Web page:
Project Victim Services

The Office of the Child Advocate (OCA) is an independent state agency responsible for protecting the legal rights and interest of children in state care. These rights include, but are not limited to, a child’s right to appropriate placement, healthcare and education, and to be treated with dignity and respect.

Project Victim Services, under the OCA, has staff who are dedicated to identifying children who may be eligible for Victim Compensation under the Victims of Crime Act.

The Victims of Crime Act (VOCA) & Rhode Island Crime Victim Compensation Program (CVCP)

What is The Victims of Crime Act (VOCA)?

VOCA was enacted in 1984 and created the Crime Victims Fund, a special account that provides funding dedicated to helping millions of victims of crimes every year. The Fund comes from Federal criminal fines and penalties – not from taxpayers. One of the programs currently supported by the Crime Victims Fund is the Rhode Island Crime Victim Compensation Program.

What is the Rhode Island Crime Victim Compensation Program (CVCP)?

The program was created in 1984 by The Victims of Crime Act (VOCA) to help victims with the various costs associated with violent crime, and is operated by the Office of the General Treasurer. The program provides victims with financial compensation for expenses up to $25,000.

Expenses qualifying for compensation include:

  • Medical, dental, and counseling expenses
  • Relocation expenses (up to $2,500)
  • Funeral and burial expenses (up to $8,000)
  • Crime scene cleaning (up to $2,000)
  • Loss of earning

CVCP will only assist with financial expenses not already covered by the following:

  • Insurance
  • Worker’s Compensation
  • Temporary Disability
  • Public Funds (Medicaid/Medicare)
  • Paid sick or vacation time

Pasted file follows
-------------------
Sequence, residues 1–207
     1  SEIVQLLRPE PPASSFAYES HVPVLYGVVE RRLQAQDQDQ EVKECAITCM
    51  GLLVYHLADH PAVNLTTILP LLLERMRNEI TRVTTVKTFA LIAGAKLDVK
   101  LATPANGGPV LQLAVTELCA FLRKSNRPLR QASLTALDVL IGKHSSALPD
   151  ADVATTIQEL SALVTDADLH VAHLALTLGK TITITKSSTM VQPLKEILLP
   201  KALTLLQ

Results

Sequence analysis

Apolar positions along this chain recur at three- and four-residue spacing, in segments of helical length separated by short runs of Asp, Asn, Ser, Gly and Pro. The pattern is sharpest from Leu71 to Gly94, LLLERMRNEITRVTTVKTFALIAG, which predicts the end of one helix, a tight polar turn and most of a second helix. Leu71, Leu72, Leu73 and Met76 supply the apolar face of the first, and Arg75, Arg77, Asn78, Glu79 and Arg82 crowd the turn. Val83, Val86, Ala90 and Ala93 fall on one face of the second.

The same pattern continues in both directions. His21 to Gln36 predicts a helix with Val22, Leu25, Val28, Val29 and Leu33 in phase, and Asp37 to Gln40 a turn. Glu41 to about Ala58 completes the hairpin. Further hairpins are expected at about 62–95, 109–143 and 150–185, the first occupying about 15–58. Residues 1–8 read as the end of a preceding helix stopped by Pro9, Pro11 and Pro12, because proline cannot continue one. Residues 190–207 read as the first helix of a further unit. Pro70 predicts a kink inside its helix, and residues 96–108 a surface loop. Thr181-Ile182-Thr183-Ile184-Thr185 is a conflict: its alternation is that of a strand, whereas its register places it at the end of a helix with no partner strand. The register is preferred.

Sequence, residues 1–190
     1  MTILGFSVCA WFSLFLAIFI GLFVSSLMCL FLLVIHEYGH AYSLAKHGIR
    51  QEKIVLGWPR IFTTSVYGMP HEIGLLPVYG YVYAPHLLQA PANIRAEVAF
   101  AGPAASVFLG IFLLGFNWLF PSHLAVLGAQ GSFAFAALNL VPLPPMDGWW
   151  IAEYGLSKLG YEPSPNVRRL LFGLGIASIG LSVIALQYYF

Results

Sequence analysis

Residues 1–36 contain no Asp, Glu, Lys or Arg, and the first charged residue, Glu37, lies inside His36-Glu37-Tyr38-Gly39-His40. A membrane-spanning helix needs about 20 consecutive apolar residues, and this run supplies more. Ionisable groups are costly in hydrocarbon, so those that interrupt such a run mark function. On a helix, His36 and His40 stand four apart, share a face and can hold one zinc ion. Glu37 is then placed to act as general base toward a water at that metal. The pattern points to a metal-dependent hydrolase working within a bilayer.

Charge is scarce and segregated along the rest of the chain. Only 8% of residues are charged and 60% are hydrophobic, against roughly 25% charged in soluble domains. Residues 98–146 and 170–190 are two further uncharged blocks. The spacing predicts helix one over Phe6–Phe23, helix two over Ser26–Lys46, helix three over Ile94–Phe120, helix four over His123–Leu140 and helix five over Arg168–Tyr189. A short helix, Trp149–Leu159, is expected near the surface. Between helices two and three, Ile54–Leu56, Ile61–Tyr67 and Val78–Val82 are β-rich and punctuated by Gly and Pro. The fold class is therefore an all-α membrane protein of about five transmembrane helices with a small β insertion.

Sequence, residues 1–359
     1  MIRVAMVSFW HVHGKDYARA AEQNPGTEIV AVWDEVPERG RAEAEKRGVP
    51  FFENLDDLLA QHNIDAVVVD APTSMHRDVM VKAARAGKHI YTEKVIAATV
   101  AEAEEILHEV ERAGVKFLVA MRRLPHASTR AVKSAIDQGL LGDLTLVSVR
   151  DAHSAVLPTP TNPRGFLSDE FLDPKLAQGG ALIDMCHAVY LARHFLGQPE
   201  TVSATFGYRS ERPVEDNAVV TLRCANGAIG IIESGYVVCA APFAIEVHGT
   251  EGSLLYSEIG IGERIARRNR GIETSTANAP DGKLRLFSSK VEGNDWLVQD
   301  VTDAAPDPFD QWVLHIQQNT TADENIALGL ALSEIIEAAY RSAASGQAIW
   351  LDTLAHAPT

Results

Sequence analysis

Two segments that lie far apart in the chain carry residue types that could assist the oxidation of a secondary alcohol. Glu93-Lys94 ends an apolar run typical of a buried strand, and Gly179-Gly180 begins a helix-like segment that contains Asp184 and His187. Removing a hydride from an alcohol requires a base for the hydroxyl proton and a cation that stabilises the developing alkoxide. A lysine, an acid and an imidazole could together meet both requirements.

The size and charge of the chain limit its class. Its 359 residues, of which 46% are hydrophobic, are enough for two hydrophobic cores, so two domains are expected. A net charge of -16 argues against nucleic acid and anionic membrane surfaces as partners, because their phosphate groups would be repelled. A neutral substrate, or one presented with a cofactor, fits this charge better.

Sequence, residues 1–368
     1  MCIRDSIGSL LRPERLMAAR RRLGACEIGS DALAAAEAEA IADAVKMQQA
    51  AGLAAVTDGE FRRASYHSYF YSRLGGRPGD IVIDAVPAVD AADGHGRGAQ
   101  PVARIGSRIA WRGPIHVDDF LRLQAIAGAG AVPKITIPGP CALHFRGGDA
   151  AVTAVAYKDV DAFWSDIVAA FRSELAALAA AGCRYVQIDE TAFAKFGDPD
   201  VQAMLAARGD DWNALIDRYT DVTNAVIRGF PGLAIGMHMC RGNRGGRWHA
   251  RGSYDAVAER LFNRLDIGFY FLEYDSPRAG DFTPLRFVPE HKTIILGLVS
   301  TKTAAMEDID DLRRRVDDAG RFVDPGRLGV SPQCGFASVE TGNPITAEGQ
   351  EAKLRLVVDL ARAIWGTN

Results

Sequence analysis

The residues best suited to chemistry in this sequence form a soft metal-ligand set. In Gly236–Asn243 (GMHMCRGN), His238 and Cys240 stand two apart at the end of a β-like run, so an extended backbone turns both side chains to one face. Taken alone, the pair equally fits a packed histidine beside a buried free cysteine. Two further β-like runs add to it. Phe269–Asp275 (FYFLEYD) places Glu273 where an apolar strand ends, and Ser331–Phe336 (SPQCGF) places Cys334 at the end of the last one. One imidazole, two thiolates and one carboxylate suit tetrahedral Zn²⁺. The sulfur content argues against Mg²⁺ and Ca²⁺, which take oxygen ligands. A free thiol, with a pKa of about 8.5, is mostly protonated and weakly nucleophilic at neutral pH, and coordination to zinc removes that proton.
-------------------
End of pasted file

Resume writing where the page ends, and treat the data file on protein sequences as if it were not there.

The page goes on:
• Restitution

CVCP will not assist with financial expenses such as:

  • Property loss or damage
  • Trial-related expenses (mileage, parking, lodging, etc.)
  • Pain and suffering
Who qualifies for CVCP?

Innocent victims of violent crime who suffered physical or emotional injury and family members of a deceased victim qualify for CVCP. Children who were victims of physical, sexual, or institutional abuse qualify for Victim Compensation. After September of 2017, children who witnessed abuse now qualify for Victim Compensation.

The crime must occur in Rhode Island and must be reported to police within 10 days, and the applicant must have cooperated with the police investigation. The CVCP application must be filed within 3 years of the crime, though the deadline is extended for minors until they reach the age of 21.

How can I apply for CVCP?

Project Victim Services, under the Office of the Child Advocate, is dedicated to identifying children who may be eligible for Victim Compensation, and will reach out to families, social workers, or the child directly to inform the child of their rights. Project Victim Services staff will assist in filling out the application and sending it to the Office of the General Treasurer.

The application requires victim and claimant information, such as name, social security number, and contact information. Additionally, the application requires crime information such as the acting Police Department and the Police Report Number. For any requests for compensation, the victim or claimant must provide copies of bills.

What happens after approval?

Staff will notify children and their families if they are approved for compensation and explain the process of submitting a claim for reimbursement. Claims will remain open until the maximum award is reached. Additionally, staff will remain available to answer any follow-up questions and concerns after approval.

What happens after denial?

Applicants may submit a request for reconsideration within 15 days of the receipt of the notice of denial. The treasurer or treasurer’s designee will reconsider any award of denial within 30 days of the receipt of the request for reconsideration, and the applicant will be notified of the new decision by certified mail.

Within 30 days of the treasurer’s decision upon reconsideration, the applicant may petition the superior court for judicial review.